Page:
On the eve of Australia Day, it has become somewhat customary to reflect on our place in the world. Depending on the year, opinion writers and ideologues revive their calls for a republic, a new flag, a new engagement with Asia and so on. It’s probably a healthy process, though I’m not sure why they use a national day – one that should be about celebrating the positives and the things that unite us – to raise issues that divide us. Regardless, as we prepare for barbeques, picnics and celebrations across the country, my mind turned to some of the…
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On the eve of Australia Day, it has become somewhat customary to reflect on our place in the world.
Depending on the year, opinion writers and ideologues revive their calls for a republic, a new flag, a new engagement with Asia and so on. It’s probably a healthy process, though I’m not sure why they use a national day – one that should be about celebrating the positives and the things that unite us – to raise issues that divide us.
Regardless, as we prepare for barbeques, picnics and celebrations across the country, my mind turned to some of the great Australian businesses – those who have taken on the world and won.
We’ve lost our share of icons this year – for the first Australia Day in living memory, we no longer have a major Australian-owned beer company – but that’s the nature of international trade and finance (and there are some little guys doing a great job). It’s a shame, but no bad thing. The flip side is that international trade – messy though it is – brings greater prosperity to the global economy and in this age of booming Chinese demand, we’re certainly getting more than our share of the benefit.
Australia likes to think of itself as ‘punching above our weight’ on the global stage. We’ve made a good fist of both military campaigns and diplomatic engagements in the past century and paradoxically, our geographic isolation from Europe and North America makes us a strategically important partner to both groups who are looking to engage more fully in both Asia and the Pacific region.
Many more forging ahead
Despite our geopolitical importance, our share market only makes up around 2 per cent of the global equity markets. Inevitably, the law of averages suggests we’ll only have the occasional global success story. We shouldn’t be disheartened by that – on the contrary, we should celebrate those who have been successful on the world stage.
Chief among those international winners have been our miners. Yes, the global market for raw materials is booming, and the cynical might suggest you only have to turn up to do well as a miner at the moment, but Australia has had its share of companies prepared to invest the time and immense capital required to be successful over the long term.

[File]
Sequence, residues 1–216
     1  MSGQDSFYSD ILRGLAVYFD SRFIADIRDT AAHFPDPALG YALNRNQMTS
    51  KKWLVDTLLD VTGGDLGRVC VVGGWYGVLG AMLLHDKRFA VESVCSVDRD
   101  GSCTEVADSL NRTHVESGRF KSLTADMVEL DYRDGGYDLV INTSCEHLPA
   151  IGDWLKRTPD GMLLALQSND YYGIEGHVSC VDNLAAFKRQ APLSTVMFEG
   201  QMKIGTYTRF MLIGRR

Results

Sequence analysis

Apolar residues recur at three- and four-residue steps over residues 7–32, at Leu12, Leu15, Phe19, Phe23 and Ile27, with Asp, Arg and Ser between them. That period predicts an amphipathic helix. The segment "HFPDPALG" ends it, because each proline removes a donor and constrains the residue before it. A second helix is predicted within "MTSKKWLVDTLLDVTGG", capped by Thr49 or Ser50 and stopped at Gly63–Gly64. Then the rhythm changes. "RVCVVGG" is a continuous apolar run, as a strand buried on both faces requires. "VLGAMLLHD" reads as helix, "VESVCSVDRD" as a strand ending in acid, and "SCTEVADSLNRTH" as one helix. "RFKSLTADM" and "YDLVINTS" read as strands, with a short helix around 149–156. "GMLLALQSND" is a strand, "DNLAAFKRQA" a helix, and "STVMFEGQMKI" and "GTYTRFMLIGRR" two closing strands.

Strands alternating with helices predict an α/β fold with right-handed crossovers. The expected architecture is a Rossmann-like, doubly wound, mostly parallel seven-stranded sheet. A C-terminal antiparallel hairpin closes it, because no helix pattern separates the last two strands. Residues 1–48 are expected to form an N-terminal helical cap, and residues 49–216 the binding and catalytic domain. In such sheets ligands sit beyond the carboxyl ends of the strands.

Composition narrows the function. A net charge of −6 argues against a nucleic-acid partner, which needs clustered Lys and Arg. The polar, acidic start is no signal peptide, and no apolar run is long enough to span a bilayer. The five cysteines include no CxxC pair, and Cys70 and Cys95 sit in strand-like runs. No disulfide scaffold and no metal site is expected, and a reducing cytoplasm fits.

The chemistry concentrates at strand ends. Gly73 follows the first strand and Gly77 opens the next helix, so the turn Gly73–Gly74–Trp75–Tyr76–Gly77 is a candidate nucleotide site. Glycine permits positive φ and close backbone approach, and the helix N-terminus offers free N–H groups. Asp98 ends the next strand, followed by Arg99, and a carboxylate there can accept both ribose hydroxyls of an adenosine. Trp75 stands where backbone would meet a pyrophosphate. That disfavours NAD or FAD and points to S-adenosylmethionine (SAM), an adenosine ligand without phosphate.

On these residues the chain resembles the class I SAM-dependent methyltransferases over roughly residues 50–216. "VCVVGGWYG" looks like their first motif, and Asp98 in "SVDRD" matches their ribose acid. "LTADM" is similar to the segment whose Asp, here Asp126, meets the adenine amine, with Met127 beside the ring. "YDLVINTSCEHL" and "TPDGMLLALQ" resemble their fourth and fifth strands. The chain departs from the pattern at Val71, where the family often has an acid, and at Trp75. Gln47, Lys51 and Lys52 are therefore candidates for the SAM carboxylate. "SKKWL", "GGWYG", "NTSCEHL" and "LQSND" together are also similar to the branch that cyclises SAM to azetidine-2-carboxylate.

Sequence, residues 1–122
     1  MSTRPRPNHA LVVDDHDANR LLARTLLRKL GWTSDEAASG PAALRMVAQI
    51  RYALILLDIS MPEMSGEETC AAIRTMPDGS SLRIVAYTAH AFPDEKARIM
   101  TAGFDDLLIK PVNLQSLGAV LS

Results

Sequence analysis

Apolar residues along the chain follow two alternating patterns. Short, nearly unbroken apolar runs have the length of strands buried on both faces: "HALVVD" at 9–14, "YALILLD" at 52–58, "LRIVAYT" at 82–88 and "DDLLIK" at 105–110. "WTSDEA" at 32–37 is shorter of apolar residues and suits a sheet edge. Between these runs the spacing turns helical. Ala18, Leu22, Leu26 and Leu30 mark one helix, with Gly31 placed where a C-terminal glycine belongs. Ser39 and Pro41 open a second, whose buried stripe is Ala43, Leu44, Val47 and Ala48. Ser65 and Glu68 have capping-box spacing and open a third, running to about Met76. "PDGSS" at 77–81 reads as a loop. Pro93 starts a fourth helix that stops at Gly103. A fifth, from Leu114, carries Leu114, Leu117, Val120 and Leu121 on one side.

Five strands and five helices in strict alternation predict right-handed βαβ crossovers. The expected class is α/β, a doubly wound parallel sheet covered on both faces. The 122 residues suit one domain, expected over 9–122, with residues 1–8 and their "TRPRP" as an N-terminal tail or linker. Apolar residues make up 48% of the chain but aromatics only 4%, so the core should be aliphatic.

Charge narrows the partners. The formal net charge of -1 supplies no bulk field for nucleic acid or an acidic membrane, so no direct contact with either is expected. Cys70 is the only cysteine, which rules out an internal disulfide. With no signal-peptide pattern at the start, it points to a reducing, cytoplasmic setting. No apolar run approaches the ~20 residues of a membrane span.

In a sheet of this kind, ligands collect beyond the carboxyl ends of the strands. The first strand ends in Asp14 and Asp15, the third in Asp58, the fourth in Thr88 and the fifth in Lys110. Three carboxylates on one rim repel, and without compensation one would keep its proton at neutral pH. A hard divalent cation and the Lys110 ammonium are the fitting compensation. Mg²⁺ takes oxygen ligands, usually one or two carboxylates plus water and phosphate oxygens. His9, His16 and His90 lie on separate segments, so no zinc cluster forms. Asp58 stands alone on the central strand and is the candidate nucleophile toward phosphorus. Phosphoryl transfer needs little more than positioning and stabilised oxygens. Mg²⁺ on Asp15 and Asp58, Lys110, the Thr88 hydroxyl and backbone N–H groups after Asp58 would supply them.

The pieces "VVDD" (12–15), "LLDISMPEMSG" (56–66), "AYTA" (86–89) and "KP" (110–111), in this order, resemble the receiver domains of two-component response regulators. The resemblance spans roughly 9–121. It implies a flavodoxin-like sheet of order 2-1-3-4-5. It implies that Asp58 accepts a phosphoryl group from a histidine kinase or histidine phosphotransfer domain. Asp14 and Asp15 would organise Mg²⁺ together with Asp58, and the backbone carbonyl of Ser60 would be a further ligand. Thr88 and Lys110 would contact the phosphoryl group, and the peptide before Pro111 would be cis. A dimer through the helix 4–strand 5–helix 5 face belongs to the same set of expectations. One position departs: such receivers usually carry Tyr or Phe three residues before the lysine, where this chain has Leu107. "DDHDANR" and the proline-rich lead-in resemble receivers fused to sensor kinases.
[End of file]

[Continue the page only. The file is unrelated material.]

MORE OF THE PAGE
Taking it to the world
Australian miners such as BHP Billiton (ASX: BHP) and drillers like Woodside (ASX: WPL) had been investing in exploration and extraction for years before the mining boom arrived, and having an out-sized impact on world markets.
Other companies have succeeded through innovation and excellence. Cochlear (ASX: COH) has taken a scientific breakthrough – an implant for help those with hearing loss – to the world, and is the global leader in that market. Frank Lowy’s Westfield Group (ASX: WDC) grew from a single shopping centre in Sydney’s west to a national and international success through hard work and continued improvement of its business model.
In fact, though it’s little reported or remarked on, Australian businesses have made some significant strides overseas. Harvey Norman (ASX: HVN) has struggled in Ireland of late, but continues to push ahead in Eastern Europe and Asia. Domino’s Pizza (ASX: DMP) owns the licence to the brand – and is seeing strong growth – in Australia, New Zealand, France, Belgium and The Netherlands, and QBE Insurance Group (ASX: QBE) has a truly global insurance business, taking in Europe, the US, Latin America and the Asia Pacific region.
Even Coca-Cola Amatil (ASX: CCL), though bottling products on behalf of its US namesake and major shareholder The Coca-Cola Company (NYSE: KO) has built a broad portfolio of products of its own in Australia, and is making great strides in one of the world’s most attractive (and most overlooked) growth economies, Indonesia.
Australians have a great deal to be proud of. Our forebears have bequeathed us a country full of promise and riches, with a culture, environment and prospects that make us the envy of the world. Some of that is an accident of geography and history – much of it has been created by the efforts and application of those who have come before us. It is not perfect, we have much that we can improve, but we should not feel inferior to any.
In that same vein, we have many Australian business success stories of which to be proud – many more than I’ve highlighted here. I haven’t even touched on those who have been successful by staying close to home.
One of the key advantages of being only 2 per cent of the world’s equity markets is that the other 98 per cent is an opportunity to be grasped. The companies listed above are a small sample of those who have taken on the world and are winning – the upside for investors is that I think each represents an attractive opportunity at today’s prices.
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Scott Phillips is The Motley Fool’s feature columnist. Scott owns shares in Westfield Group, Westfield Retail Trust, Harvey Norman, Domino’s Pizza, QBE, Coca-Cola Amatil and The Coca-Cola Company – we eat our own cooking. The Motley Fool’s purpose is to educate, amuse and enrich investors. This article contains general investment advice only (under AFSL 400691). Authorised by Bruce Jackson.